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Union cabinet okays seven amendments to Insolvency and Bankruptcy code

The amendments include enforcement of a strict 330-day timeline for completion of the resolution process, including judicial matters.

Published: 18th July 2019 07:47 AM  |   Last Updated: 18th July 2019 07:47 AM   |  A+A-

PM Narendra Modi in Rajya Sabha. (Photo|ANI)

By Express News Service

NEW DELHI:  The Union Cabinet on Wednesday cleared seven amendments to the Insolvency and Bankruptcy Code (IBC), including enforcement of a strict 330-day timeline for completion of the resolution process, including judicial if any.

According to an official release, the amendments would “enable the government to ensure maximisation of value of a corporate debtor as a going concern, while simultaneously adhering to strict timelines”. 

The amendments were necessitated by increasing instances of delays in the insolvency process, owing to litigations. The resolution processes in cases of companies like Essar Steel and Jaypee Infrastructure had exceeded the initial timeline of 270 days, due to several litigations filed by promoters and creditors.

 

Also, putting to rest confusions regarding the rights of various creditors, the Cabinet approved an amendment which proposed that the financial as well as operational creditors will be paid as per their hierarchy specified in the IBC. The amendment also allows any decisions to be based on the highest voting share of financial creditors and allows dissenting creditors to get a minimum liquidation value retrospectively.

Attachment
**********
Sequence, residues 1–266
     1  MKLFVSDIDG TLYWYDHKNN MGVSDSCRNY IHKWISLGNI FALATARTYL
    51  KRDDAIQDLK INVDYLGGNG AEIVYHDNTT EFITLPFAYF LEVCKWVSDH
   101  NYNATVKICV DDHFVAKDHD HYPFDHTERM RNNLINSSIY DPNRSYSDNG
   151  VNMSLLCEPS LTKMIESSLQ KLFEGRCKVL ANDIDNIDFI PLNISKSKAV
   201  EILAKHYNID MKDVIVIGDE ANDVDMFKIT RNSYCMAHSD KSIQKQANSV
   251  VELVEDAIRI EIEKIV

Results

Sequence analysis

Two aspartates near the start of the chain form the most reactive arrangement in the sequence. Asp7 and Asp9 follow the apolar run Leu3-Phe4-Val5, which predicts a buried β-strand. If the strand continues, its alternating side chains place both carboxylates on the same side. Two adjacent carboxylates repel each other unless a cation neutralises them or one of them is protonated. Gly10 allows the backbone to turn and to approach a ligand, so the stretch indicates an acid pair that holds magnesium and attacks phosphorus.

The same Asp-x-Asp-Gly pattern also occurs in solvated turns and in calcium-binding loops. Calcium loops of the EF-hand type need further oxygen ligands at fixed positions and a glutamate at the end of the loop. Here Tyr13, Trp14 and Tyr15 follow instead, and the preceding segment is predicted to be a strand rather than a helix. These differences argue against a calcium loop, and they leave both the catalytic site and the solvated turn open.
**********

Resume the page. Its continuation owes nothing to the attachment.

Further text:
Further, the Committee of Creditors may take the decision to liquidate the corporate debtor, any time after constitution of the committee and before preparation of Information Memorandum for the resolution, sources said.“This will have retrospective effect, where the resolution plan has not attained finality or has been appealed against,” the release said.

The amendments are especially crucial in case of Essar Steel; the IBC amendment clarifies on the operational creditors’ claims and the Ministry of Corporate Affairs can ask the court to revisit its order.
Another crucial amendment to the IBC mandates that the bankruptcy resolution or liquidation decided under the bankruptcy framework is binding on Central, state and local governments, to whom the insolvent company owes dues.

“The approval of the Cabinet for IBC amendments are heartening and will clear several roadblocks currently holding up resolution under the law, in particular vesting with the Committee of Creditors the ability to take into account commercial considerations in respect of distributions under the resolution plan; making the resolution plan binding on all stakeholders and comprehensive restructuring through schemes will help foster flagging investor confidence,” said Cyril Shroff, managing partner, Cyril Amarchand Mangaldas.

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